Before 1 Jan. 2007 Country Italy Japan Luxembourg Malta Monaco Netherlands Norway Poland Portugal Romania Slovak Republic Slovenia Spain Sweden Switzerland United Kingdom United States Euro Yen Euro Euro Euro Euro Norwegian Krone Zloty Euro Leu Euro Euro Euro Swedish Krona Swiss Franc Pound Sterling United States Dollar Currency 2 031 395 216 2 031 2 031 2 031 2 211 18 665 8 353 2 031 8 541 2 031 2 031 2 031 22 106 3 576 1 837 2 686

On or after 1 Jan. 2009 2 031 242 546 2 031 2 031 2 031 2 031 18 665 8 353 2 031 8 541 2 031 2 031 2 031 22 106 3 014 1 837 2 686

Before 1 Jan. 2007 711 173 216 711 711 711 757 6 532 2 924 711 2 990 711 711 711 7 736 1 521 643 940

On or after 1 Jan. 2009 711 84 882 711 711 711 711 6 532 2 924 711 2 990 711 711 711 7 736 1 055 643 940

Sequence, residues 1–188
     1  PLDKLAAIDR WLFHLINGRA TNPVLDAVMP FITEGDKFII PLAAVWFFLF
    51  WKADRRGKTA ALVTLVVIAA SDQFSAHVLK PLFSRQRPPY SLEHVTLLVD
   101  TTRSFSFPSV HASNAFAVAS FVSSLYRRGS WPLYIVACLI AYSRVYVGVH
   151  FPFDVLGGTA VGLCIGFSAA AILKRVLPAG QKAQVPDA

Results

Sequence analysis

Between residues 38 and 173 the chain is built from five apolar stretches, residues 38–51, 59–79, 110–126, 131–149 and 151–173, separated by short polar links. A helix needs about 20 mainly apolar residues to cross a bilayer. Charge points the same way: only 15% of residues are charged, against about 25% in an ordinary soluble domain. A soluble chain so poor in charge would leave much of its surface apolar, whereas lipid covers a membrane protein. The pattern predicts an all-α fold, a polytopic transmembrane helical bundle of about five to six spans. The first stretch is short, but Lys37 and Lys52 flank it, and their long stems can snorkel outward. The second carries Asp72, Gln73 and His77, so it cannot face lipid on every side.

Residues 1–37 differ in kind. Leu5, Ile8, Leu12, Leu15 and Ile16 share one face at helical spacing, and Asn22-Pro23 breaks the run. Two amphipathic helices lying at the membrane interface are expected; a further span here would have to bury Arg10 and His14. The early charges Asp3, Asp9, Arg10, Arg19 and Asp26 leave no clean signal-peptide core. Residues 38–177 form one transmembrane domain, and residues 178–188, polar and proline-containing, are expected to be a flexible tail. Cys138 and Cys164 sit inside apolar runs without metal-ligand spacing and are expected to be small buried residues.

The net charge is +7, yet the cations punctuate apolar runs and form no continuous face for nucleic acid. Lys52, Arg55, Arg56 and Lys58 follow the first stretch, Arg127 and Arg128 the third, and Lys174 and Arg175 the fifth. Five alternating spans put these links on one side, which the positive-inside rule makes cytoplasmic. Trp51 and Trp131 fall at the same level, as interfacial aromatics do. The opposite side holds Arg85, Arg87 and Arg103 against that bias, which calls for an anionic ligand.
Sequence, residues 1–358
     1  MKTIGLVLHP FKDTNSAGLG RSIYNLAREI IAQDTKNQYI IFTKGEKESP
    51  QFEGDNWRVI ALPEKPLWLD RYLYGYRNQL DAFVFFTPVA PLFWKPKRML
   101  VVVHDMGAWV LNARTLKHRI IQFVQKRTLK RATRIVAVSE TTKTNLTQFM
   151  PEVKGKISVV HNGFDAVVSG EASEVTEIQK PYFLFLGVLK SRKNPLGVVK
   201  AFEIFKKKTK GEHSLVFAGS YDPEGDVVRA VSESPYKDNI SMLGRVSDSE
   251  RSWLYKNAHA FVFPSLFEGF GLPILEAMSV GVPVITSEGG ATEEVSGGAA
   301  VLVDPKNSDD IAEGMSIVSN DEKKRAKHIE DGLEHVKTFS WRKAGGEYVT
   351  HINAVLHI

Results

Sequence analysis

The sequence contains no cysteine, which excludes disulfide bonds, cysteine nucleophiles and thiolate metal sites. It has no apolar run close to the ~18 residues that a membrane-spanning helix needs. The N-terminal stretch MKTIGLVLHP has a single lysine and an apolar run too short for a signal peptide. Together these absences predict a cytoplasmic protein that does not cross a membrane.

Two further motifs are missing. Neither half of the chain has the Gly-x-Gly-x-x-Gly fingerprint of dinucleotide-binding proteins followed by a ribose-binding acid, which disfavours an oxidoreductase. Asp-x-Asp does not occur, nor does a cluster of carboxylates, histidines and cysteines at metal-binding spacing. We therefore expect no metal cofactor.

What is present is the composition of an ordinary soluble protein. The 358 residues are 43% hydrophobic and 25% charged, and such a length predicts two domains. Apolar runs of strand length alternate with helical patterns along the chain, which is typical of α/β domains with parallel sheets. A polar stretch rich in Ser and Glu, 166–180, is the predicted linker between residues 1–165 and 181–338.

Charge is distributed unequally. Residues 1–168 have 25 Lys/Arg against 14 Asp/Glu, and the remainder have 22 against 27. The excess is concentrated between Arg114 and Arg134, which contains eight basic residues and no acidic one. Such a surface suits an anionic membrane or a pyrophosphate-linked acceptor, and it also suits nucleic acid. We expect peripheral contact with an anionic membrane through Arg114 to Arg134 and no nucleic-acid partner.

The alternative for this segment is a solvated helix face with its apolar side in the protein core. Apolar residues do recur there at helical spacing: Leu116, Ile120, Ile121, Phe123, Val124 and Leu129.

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Annex V Education grant entitlement


as of 1 January 2010 For staff members at duty stations where adequate primary and secondary educational facilities do not exist: flat sum/ceiling for boarding expenses 5 564 5 178 39 329 4 493 6 269 4 668 4 692 911 555 5 766 4 730 36 980 8 187 5 232 8 666

Country/zone Austria Belgium Denmark France


a/

Currency Euro Euro Danish krone Euro Euro Euro Euro Yen Euro Euro Swedish krona Swiss franc Pound Sterling United States dollar
a/

Maximum education grant 12 539 11 593 81 110 7 697 14 245 12 784 14 202 1 743 098 12 391 11 354 118 462 21 562 17 005 29 322

Maximum admissible educational expenses/maximum grant for disabled children 16 719 15 458 108 147 10 263 18 993 17 045 18 936 2 324 131 16 521 15 139 157 950 28 749 22 674 39 096

Flat sum for boarding expenses when not provided 3 709 3 452 26 219 2 995 4 179 3 112 3 128 607 703 3 844 3 153 24 653 5 458 3 488 5 777

Germany Ireland Italy Japan Netherlands Spain Sweden Switzerland United Kingdom US$ in the United States US$ outside the United States) b/
a/

United States dollar

14 484

19 311

3 655

5 483

b/